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This week the Trump administration announced new rules that effectively gut the Endangered Species Act. This move is a disastrous blow to a natural heritage that is increasingly under threat, an abdication of our moral responsibility to future generations – and another giveaway to big corporations and ideologues who will ultimately be on the wrong side of history.

The rules would make it harder for the Department of Interior to grant imperiled species the protections needed to prevent extinction, while facilitating removal of protections for species that are currently listed. By allowing economic considerations to weigh heavily in the balance for decisions regarding whether to protect species or not — a purview previously limited to science — Interior is elevating the profit motives of corporations above what should be our sacrosanct obligations as stewards of creation.

The rules also weaken requirements to consider the impacts of climate change, which is threatening not just a host of plant and animal species, but also humans and, indeed, the entire planet. In a separate, complementary move, last spring the U.S. Geologic Survey announced it would limit scientists’ evaluation of “foreseeable” future climate impacts to 2040, only 20 years hence. Given that the impacts of climate warming unfold over many decades, that time horizon is far too short to give a useful picture of foreseeable conditions in time to avoid disaster.

In the case of Yellowstone’s grizzly bears,the severity and suddenness of impacts from climate change have been shocking, including the collapse of our high-elevation whitebark pine forests as mountain pine beetles invaded habitats previously protected by frigid winter temperatures.  Climate change is also partly to blame for the tanking of Yellowstone cutthroat trout in Yellowstone Lake, although predation by illegally introduced nonnative Lake trout has taken a huge toll.

We also stand to lose another critical Yellowstone grizzly bear food, army cutworm moths. The moths forage on the nectar of alpine tundra flowers which will be driven off the top of the mountains, along with alpine environments, by warming temperatures. Serviceberries, buffaloberries and chokecherries will also likely be hammered.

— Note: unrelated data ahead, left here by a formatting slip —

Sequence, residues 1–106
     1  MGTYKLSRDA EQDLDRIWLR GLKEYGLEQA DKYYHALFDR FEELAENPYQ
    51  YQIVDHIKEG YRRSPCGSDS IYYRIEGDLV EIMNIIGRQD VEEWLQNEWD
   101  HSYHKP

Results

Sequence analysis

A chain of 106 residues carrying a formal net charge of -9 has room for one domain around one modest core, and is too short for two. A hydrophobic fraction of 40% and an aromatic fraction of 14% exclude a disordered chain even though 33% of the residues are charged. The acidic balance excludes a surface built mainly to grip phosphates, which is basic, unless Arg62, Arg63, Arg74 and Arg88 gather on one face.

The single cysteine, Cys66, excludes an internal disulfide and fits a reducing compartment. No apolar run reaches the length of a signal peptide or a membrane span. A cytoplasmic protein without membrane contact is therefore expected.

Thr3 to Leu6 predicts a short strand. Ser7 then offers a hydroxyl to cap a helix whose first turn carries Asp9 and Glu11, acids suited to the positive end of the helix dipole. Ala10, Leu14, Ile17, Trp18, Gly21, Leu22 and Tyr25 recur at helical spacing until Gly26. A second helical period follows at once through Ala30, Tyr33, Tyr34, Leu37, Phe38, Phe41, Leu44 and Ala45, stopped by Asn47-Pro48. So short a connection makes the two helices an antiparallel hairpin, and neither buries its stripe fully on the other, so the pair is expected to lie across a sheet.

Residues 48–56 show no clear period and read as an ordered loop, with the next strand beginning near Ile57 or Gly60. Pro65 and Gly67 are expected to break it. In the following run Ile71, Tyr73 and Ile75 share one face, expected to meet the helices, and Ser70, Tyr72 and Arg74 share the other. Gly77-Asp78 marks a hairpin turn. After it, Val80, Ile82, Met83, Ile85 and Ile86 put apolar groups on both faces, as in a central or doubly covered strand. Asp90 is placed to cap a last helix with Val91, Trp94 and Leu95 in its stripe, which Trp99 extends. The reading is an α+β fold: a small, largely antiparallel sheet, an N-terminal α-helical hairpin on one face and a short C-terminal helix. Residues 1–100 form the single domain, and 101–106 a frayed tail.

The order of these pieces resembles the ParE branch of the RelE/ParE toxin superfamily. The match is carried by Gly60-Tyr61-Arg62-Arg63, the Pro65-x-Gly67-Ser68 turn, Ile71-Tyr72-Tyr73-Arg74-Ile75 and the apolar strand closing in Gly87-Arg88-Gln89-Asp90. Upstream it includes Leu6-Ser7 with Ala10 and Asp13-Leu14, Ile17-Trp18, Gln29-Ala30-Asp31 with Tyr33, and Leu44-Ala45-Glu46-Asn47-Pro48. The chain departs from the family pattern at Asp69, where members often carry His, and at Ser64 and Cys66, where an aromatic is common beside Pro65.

The government’s failure to aggressively curb greenhouse gases will ensure more devastating surprises for grizzlies and our planet far beyond 2040. Making matters worse, Trump’s new ESA rules makes it easier for industries to exploit the public lands that we all hold dear. Right now, we still have options for restoring our natural heritage, including enough habitat in the Northern Rockies to reconnect the long-isolated grizzly populations, but these opportunities could soon be lost.

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Hard-won gains also stand to be lost. Even if last year’s restoration of ESA protections for Yellowstone grizzlies is upheld by the 9th U.S. Circuit Court of Appeals, grizzly bears will likely be prey to another politically-motivated move by the Trump Administration to again strip protections and allow trophy hunting, abetted by a newly-weakened ESA.

The Great Bear is hardly alone. According to a recent United Nations report on the state of global biodiversity, 1 million species worldwide are at risk of extinction, many within a few decades. Extinctions are happening at a rate at least 1,000 times greater than could be considered normal. In just the last 50 years we have lost 60% of all the wild animals that once roamed our Earth — to a burgeoning human population, climate change and greed.

A precautionary approach is vital if we hope to leave future generations with anything approximating a healthy environment. Indeed, the precautionary principle was built into the bones of the ESA, which codifies a national commitment to our natural heritage. The law has been enormously successful. Ninety percent of species that have been granted protections have not gone extinct.

Once again, the Trump administration is throwing caution to winds to promote short term private profits at the expense of long-term public benefit. In so doing, it is giving a green light to the destruction of the Ark.

The grizzly is an ecological canary in a coal mine — a measure of the health of our ecosystems. Its fate is connected to our own. We allow the destruction of endangered species at the peril of our souls and society, not to mention future generations.

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Louisa Willcox, of Livingston, has worked to preserve the wildlands and wildlife of the Northern Rockies for the past 35 years. 

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